1. Kane’s stupidity

Oilers winger Evander Kane was effective in Game 1 when  he played hockey. Since then, he’s been undisciplined. He spent chunks of Game 2 running around looking to hit Avalanche defenseman Cale Makar (mostly unsuccessfully). And only 66 seconds into Game 3, shortly after Connor McDavid staked Edmonton to a 1-0 lead, Kane was called for a five-minute boarding major on the Avs’ Nazem Kadri, a reckless-and-dangerous hit that sent Kadri to the locker room for examination; he did not return and was ruled out for at least the rest of this series. The Avalanche couldn’t take advantage, though, failing to score during the power play. Kane should have been ejected from the game (he wasn’t) and should be suspended for Game 4.

2 “Train” rolls

During the St. Louis series, Avs captain Gabe Landeskog called teammate Valeri Nichushkin a “train.” The train was rolling in Game 3. The Avalanche’s first even-strength shot on goal didn’t come until 16:12 of the first period. Nichushkin, nearly at the goal-line to the right of goalie Mike Smith, fired a shot toward the net that deflected off Oilers defenseman Darnell Nurse and past Smith. At 4:37 of the second, defenseman Devon Toews’ slap shot hit traffic and caromed to Nichushkin in the slot and he one-timed it through the legs of Oilers defenseman Evan Bouchard and past Smith for the 2-1 lead. It was Nichushkin’s second career multi-goal playoff game. He was later robbed twice by Smith.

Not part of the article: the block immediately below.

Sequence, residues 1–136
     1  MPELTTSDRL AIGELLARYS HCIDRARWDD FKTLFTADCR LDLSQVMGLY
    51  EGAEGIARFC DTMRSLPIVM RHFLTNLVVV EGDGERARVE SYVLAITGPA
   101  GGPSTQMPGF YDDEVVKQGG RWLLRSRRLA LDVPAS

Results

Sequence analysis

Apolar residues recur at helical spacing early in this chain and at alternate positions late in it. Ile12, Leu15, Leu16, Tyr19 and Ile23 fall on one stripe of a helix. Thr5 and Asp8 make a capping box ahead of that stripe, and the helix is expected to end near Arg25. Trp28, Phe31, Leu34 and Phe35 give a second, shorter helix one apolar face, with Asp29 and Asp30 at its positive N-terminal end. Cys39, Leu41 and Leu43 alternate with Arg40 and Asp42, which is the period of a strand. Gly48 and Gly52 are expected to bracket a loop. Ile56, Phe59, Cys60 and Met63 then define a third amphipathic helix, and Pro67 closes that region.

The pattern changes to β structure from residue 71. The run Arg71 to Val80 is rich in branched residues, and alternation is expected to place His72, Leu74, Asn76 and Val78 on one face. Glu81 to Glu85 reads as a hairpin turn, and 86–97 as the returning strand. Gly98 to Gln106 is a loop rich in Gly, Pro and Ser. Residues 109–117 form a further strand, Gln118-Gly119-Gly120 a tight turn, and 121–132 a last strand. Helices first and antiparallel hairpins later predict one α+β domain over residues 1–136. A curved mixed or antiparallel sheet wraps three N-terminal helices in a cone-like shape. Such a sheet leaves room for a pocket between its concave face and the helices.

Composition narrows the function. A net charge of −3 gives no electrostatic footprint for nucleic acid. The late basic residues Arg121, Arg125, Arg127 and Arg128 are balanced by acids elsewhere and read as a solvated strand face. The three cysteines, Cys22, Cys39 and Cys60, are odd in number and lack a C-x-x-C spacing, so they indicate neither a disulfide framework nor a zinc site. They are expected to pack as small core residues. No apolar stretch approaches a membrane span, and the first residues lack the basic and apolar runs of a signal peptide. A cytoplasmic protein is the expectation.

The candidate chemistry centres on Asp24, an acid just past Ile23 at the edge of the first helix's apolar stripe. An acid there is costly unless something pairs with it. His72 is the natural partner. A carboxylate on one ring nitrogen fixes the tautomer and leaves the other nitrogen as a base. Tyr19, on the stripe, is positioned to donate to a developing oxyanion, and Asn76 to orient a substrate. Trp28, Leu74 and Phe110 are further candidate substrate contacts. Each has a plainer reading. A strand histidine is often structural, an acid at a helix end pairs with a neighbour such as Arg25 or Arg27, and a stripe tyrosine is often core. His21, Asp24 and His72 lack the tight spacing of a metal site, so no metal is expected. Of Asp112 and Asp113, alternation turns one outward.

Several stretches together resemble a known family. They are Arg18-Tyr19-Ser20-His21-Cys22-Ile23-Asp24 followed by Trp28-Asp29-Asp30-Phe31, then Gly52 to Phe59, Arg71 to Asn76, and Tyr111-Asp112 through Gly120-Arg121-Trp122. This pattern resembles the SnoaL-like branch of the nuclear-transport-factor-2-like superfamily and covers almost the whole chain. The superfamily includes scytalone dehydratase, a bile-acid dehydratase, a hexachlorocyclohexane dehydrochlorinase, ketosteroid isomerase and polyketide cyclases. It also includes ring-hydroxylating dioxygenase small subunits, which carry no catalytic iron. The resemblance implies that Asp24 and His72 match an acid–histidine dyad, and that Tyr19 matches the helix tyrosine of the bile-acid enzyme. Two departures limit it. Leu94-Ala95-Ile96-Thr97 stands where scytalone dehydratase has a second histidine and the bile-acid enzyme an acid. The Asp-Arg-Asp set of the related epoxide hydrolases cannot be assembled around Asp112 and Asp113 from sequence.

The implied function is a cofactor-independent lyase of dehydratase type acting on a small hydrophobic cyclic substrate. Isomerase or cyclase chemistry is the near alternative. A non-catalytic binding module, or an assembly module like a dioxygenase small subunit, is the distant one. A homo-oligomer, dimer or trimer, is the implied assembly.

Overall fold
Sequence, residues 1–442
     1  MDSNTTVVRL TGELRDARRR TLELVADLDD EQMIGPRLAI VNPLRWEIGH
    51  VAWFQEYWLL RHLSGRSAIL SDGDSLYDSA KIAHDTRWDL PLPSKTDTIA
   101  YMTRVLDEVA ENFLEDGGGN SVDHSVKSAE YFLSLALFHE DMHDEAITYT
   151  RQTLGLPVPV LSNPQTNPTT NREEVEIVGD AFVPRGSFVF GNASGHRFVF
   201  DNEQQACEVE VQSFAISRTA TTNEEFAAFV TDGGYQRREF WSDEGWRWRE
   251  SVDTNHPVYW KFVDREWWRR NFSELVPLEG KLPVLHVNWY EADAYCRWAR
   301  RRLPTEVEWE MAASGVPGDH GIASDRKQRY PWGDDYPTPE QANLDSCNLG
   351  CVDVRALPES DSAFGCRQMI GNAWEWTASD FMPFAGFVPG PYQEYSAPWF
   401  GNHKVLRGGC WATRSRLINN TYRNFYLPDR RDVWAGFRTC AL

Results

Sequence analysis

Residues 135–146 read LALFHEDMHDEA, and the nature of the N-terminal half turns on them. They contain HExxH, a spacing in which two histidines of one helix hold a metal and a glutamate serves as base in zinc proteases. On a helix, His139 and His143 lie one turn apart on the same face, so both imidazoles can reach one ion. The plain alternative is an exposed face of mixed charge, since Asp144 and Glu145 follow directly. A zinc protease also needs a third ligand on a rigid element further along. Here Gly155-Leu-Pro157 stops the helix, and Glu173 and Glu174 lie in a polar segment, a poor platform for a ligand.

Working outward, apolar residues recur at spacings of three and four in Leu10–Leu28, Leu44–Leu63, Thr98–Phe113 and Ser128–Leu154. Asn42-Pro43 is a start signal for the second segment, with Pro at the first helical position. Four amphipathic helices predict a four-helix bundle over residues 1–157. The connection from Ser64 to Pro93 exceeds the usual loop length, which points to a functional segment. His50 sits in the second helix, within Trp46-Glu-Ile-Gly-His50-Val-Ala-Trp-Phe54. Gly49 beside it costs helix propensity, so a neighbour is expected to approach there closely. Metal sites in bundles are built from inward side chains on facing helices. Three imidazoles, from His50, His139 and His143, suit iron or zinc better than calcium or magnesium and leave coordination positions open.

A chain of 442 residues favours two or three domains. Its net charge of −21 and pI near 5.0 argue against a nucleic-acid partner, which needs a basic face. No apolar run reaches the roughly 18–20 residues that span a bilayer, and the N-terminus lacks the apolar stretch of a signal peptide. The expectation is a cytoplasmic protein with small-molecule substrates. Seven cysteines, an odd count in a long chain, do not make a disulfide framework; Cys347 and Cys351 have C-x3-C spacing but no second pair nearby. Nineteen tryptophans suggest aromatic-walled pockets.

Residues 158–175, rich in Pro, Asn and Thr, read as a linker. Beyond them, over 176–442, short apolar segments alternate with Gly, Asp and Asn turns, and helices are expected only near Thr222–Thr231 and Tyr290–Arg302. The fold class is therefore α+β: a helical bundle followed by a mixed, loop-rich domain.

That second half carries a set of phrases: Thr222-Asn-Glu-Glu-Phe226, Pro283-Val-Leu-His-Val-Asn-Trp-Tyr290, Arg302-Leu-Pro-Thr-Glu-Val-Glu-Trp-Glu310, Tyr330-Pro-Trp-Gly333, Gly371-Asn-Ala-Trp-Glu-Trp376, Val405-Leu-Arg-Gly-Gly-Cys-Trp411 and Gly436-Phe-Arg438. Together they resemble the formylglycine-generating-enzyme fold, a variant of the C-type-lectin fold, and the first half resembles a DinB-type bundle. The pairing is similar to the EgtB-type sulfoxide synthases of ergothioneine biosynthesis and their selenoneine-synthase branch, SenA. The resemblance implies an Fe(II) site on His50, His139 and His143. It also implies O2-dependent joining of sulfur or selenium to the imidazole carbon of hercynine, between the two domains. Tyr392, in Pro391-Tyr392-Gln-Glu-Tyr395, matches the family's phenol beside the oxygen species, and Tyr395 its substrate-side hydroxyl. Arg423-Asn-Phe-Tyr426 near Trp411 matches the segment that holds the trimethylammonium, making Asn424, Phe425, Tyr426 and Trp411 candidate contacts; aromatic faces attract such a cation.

3. Power play is broken

A team with as much offensive skill as the Avalanche should not being skunked on the power play. Down 1-0, the Avs had a five-minute major to tie it up. Nothing. Up 2-1 late in the second, it had two minutes to double their lead. Nothing. And still up 2-1 early in the third, it had two minutes to stomp on the Oilers’ soul. Nothing. Granted, losing Kadri on his initial shift forced coach Jared Bednar to improvise, using J.T. Compher or Artturi Lehkonen with the first unit. But even though the shot chart suggested pressure on the Oilers (15 shots on the first four power plays), the Avs need to regroup and figure out ways to get more high-quality chances.

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